White Label and Private Label Manufacturer Checking

Whichever decision you reach in your private label vs. white label debate, finding the right manufacturer will be essential before you start promoting your branded products on the eCommerce website you built. Otherwise, you could seriously ruin the brand reputation to lose existing customers and new sales alike.

Here are some simple steps to determine if your chosen manufacturer is a good fit for your brand:

  • Request a product sample first to verify quality.
  • Place two orders to different addresses – one with just a single item and the other with a whole batch.
  • Monitor the order fulfillment processes, particularly the communication and delivery speeds.
  • Review the total manufacturing and order fulfillment costs, including any hidden fees.
  • Conduct some research to see how they deal with defects or customer returns, as this will reflect on your brand.

Ultimately, the difference between white label and private label products will be rendered irrelevant if you choose the wrong manufacturer. As such, following the above steps is crucial.

Further Reading

The Takeaway

While many new eCommerce business owners think that white label vs. private label differences are negligible, the truth is that subtle changes can considerably influence your business growth. There is no single right or wrong answer, and your choice should depend on the products you want to sell and where consumer expectations lie for your brand. A private label inventory may stand out more, but can come at a premium cost and slower production. On the other hand, a white label production will save you plenty of money and time, but might make distinguishing yourself quite difficult, and leaves you little control over product quality.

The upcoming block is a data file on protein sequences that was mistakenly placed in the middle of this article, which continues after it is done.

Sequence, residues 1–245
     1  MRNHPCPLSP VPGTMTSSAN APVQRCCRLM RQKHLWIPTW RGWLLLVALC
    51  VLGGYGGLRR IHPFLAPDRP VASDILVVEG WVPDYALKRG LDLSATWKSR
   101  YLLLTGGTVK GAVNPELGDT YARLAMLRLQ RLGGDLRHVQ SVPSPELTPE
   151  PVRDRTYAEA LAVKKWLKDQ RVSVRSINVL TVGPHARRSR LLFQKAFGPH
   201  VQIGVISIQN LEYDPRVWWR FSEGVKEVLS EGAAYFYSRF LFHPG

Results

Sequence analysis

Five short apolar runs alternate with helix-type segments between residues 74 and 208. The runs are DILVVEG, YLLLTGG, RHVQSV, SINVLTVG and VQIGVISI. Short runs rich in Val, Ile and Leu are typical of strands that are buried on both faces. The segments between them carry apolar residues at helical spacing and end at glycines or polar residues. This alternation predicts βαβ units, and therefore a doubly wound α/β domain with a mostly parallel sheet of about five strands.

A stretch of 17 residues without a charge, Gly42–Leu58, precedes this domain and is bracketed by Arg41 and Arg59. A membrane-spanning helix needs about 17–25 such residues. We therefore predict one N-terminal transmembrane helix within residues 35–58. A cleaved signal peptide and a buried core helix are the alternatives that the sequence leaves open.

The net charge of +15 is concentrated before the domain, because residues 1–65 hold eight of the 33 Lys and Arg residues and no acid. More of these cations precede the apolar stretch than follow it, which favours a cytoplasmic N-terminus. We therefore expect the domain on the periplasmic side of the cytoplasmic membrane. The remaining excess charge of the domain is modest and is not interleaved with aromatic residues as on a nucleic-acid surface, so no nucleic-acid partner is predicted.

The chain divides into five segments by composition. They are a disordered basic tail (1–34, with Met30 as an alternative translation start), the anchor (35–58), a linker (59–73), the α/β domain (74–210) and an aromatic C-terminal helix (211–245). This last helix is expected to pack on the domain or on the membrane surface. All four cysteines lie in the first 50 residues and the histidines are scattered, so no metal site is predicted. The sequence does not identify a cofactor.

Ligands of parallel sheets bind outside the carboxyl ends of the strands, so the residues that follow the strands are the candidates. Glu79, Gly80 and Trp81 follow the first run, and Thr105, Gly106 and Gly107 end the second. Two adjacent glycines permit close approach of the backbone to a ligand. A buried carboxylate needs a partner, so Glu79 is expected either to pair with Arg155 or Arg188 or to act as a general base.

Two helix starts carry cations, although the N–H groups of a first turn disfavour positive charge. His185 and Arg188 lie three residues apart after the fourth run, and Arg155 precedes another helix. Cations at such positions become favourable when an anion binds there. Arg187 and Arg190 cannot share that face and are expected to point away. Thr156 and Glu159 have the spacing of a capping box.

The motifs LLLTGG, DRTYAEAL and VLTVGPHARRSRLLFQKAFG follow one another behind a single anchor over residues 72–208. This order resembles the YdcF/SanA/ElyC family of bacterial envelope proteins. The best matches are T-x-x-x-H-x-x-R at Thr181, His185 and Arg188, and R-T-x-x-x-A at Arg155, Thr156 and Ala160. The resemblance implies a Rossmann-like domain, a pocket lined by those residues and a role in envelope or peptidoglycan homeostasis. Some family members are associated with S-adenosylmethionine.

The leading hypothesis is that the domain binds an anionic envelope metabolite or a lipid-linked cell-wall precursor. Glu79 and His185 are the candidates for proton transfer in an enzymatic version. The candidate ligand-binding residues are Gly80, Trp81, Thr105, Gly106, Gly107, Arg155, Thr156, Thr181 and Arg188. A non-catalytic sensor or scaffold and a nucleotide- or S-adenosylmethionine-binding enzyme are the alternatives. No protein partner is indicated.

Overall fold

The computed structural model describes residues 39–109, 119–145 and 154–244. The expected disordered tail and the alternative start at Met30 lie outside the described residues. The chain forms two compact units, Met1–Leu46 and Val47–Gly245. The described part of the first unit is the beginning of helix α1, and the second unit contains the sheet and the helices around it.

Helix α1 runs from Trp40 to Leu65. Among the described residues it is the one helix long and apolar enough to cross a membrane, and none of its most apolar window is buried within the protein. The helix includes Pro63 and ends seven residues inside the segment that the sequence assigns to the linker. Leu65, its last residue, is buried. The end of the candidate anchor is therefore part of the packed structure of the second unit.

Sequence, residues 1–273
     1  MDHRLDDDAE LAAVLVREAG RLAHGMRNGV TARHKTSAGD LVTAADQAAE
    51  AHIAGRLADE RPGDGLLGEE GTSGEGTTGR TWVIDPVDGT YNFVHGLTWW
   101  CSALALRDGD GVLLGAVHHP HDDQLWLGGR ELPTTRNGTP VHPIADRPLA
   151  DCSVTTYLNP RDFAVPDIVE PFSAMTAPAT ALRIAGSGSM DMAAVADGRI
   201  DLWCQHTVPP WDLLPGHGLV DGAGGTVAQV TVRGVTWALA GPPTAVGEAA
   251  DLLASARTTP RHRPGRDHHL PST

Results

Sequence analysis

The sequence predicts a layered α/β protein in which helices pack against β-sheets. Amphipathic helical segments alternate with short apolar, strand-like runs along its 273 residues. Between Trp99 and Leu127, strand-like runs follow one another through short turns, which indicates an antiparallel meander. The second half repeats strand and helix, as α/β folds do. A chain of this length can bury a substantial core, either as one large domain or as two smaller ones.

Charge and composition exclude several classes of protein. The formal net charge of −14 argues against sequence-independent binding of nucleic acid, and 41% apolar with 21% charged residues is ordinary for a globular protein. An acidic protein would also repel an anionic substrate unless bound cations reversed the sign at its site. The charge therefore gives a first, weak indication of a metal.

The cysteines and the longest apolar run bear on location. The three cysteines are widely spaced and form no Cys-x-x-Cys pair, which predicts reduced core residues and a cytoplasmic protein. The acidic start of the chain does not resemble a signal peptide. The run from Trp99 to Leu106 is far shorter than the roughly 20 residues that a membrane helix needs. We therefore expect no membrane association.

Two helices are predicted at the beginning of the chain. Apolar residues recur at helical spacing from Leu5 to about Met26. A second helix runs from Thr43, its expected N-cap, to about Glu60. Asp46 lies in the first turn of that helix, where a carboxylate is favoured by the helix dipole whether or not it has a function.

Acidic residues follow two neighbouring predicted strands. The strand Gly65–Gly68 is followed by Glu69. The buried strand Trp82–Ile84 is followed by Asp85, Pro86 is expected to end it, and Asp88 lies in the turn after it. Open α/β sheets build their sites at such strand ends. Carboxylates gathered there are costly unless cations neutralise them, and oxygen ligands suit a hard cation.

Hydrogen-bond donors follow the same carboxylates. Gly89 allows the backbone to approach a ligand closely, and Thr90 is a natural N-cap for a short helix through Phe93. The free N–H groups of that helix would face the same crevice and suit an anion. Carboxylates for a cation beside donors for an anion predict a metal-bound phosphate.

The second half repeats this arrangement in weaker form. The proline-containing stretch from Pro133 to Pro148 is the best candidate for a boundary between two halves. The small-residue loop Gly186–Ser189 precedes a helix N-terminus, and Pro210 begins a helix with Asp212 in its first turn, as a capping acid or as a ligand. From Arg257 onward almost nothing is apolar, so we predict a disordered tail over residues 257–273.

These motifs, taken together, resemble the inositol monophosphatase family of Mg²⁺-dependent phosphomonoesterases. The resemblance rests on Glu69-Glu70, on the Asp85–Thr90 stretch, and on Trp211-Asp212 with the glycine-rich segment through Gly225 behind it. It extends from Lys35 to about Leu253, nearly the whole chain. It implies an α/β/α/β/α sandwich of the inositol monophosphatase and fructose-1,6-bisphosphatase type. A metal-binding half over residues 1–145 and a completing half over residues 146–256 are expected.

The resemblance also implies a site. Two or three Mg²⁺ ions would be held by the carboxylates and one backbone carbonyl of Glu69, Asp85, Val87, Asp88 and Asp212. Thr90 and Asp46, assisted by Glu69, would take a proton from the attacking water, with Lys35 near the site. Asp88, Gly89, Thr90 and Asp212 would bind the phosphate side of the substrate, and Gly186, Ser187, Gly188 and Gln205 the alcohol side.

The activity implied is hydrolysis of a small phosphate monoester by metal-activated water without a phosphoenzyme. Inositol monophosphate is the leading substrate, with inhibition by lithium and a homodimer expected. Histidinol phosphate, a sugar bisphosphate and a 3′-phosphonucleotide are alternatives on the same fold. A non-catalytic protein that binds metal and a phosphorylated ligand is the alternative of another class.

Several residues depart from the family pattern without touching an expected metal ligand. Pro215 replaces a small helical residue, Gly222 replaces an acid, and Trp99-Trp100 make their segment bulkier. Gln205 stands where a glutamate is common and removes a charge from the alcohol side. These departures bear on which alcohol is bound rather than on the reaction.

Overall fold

What's the difference between a private label and white label?

White label products are generic items that a manufacturer makes for several businesses but can be personally branded to differentiate from the same products sold by your competitors. Private label items are exclusively branded, allowing you to request changes from the manufacturer. For a more detailed answer, read our guide above.

Is white labeling legal?

White labeling is a completely legal protocol that allows multiple businesses to customize and sell generic products under their own brands. However, eCommerce companies will often need permissions via a White Labeling Agreement. This is something all white label companies must research in advance.

Is white labeling profitable?

White labeling can be very profitable, as it reduces initial outlays and financial exposure. However, the products will only succeed if they (and the brand) are aligned to market demands and pricing structures. Likewise, the company must know how to drive traffic to its website and product pages.

Can you private label alcohol?

Yes. Alcoholic private label products include a range of spirits and whiskeys. However, any beverages must be made by a registered distillery. At the same time, the product will need to provide the same information regarding ABV percentages and related factors as any other alcoholic beverage.